Sol Linowitz, 91, a businessman who became chairman of the board of a small Rochester-based company that grew to become Xerox, a diplomat who was co-negotiator of the Panama Canal treaties and a lawyer who in later years became a forceful critic of what he saw as his profession's ethical lapses, died yesterday at his home in Washington. The cause of death was pneumonia, after a long illness.
When Jimmy Carter was elected president in 1976, Mr. Linowitz chaired a committee on U.S.-Latin American relations that identified the conflict over the Panama Canal as the most serious problem confronting the United States. Carter agreed with the panel's conclusions and asked Mr. Linowitz and Ellsworth Bunker to negotiate a treaty that was "generous, fair and appropriate."
In Egypt, President Anwar Sadat, right, meets with U.S. diplomat Sol Linowitz in 1980. Working for President Jimmy Carter's administration, Linowitz made strides in laying groundwork for Middle East peace as well as negotiating the Panama Canal treaties. He was a nationally recognized advocate of legal ethics.
"In retrospect, I'd have to say that assignment was probably the most difficult and exciting challenge of my life," Mr. Linowitz once recalled. "It is also the accomplishment of which I am most proud."
He also served as the president's personal representative to the Middle East peace negotiations from 1979 to 1981.
"Our country has lost a great citizen and diplomat," Carter said in a statement released yesterday afternoon. "Sol Linowitz had a much distinguished career before joining me in addressing two areas of critical foreign policy important to the United States: the Panama Canal treaties and peace in the Middle East. Because of his vision, intellect, decency and hard work, remarkable success was achieved."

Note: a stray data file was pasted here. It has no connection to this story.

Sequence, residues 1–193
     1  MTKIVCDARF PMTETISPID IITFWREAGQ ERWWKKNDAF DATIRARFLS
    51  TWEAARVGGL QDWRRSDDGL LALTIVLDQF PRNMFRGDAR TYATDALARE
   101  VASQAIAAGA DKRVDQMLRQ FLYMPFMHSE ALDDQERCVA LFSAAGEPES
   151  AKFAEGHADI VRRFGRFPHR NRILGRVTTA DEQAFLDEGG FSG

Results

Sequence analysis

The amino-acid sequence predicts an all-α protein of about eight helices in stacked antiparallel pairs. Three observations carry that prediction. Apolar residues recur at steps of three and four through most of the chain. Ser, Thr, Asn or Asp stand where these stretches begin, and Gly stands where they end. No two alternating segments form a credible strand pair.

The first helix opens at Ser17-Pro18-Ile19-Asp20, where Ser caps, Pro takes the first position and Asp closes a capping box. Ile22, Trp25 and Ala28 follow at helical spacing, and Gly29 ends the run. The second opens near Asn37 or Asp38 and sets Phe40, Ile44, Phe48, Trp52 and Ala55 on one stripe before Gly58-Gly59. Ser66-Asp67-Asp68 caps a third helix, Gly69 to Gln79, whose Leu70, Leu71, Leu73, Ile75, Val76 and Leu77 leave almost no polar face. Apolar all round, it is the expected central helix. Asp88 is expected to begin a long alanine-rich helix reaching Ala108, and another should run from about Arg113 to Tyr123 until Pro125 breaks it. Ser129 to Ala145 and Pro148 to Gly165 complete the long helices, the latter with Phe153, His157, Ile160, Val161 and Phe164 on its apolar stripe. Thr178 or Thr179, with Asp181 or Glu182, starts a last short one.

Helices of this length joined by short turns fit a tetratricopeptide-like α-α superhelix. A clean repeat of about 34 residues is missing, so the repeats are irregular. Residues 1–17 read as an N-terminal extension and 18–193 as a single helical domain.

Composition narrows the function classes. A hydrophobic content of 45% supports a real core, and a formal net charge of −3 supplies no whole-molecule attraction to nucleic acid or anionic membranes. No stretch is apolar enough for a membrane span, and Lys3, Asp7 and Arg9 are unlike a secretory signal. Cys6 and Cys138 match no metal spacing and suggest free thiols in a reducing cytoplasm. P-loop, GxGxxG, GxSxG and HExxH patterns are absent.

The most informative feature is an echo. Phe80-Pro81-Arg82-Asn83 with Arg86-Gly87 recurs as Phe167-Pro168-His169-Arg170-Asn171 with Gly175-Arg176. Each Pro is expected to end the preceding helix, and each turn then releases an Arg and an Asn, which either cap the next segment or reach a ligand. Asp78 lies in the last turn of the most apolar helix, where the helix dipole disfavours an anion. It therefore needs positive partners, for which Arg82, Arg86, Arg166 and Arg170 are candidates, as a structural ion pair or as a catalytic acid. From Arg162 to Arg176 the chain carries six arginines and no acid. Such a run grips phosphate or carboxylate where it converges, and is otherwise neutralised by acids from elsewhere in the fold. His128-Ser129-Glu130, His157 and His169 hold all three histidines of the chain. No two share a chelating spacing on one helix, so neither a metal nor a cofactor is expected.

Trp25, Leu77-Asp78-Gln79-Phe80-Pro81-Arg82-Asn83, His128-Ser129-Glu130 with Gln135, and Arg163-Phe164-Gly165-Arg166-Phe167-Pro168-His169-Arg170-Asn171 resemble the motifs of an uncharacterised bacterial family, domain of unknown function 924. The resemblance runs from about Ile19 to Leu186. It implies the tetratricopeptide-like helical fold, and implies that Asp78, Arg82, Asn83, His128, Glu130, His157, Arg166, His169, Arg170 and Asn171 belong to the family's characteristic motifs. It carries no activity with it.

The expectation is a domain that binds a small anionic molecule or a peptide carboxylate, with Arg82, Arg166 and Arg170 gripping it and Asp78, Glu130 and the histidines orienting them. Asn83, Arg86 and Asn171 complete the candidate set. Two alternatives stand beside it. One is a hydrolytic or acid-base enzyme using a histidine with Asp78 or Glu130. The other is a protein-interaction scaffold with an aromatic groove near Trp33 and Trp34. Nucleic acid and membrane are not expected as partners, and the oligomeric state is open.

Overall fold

Mr. Linowitz was the quintessential "public man." He not only served presidents as a diplomat but also sat on countless boards and commissions, usually policy-oriented private organizations.
He was, for example, co-founder, with David Rockefeller, of the International Executive Service Corps, which sent mostly retired businessmen on six-month tours of duty to help local companies in developing nations. He was founder and co-chairman of Inter-American Dialogue and chairman of a 1978 presidential commission on world hunger. In a 1966 New York Times Magazine profile of Mr. Linowitz, Jacqueline Kennedy Onassis recalled meeting him after President Lyndon B. Johnson named him a trustee of the Kennedy Center. "One doesn't, obviously, pour out one's soul at meetings," she recalled. "What's so special about Sol Linowitz, in these days when everyone is so busy, is that he really does pour himself out. He's quickly brilliant -- and he gets on with people. He's kind."
Sol Myron Linowitz was the eldest of four sons born to Joseph and Rose Oglenskye Linowitz, immigrants from a region of Poland under Russian rule. He was born in Trenton, N.J., in a multicultural neighborhood of Jews, Protestants and Catholics, as well as one African American family. His father was a fruit importer.
Mr. Linowitz graduated first in his class from Trenton Central High School, recalled his brother Robert Linowes, a prominent Washington area zoning and land-use lawyer. (As adults, Mr. Linowitz's three brothers changed their spelling of the family name.) Despite the Depression, he was able to go to Hamilton College in Upstate New York thanks to scholarships and part-time jobs that included waiting tables, selling newspapers and tutoring. One of only two Jews in his Hamilton class, he sold Christmas cards to supplement his income. He graduated in 1935 as salutatorian of his class at Hamilton and delivered a commencement oration in Latin.
Mr. Linowitz's career choice was determined at college. On Sunday afternoons, he often read to Elihu Root, who had served as secretary of state under President Theodore Roosevelt. Root was a Hamilton alumnus who spent time on campus during the last years of his life.
"One afternoon he stopped me and asked, 'What are you going to do after you graduate?' " Mr. Linowitz recalled in an interview with the Bar Report, a publication of the D.C. Bar.
"I said, 'I don't know. I can't decide between being a lawyer and being a rabbi.' "
Mr. Root had a word of advice: "Be a lawyer. A lawyer needs twice as much religion as a minister or a rabbi."
Mr. Linowitz enrolled at Cornell Law School in 1935 "burning with a desire to do good," he explained.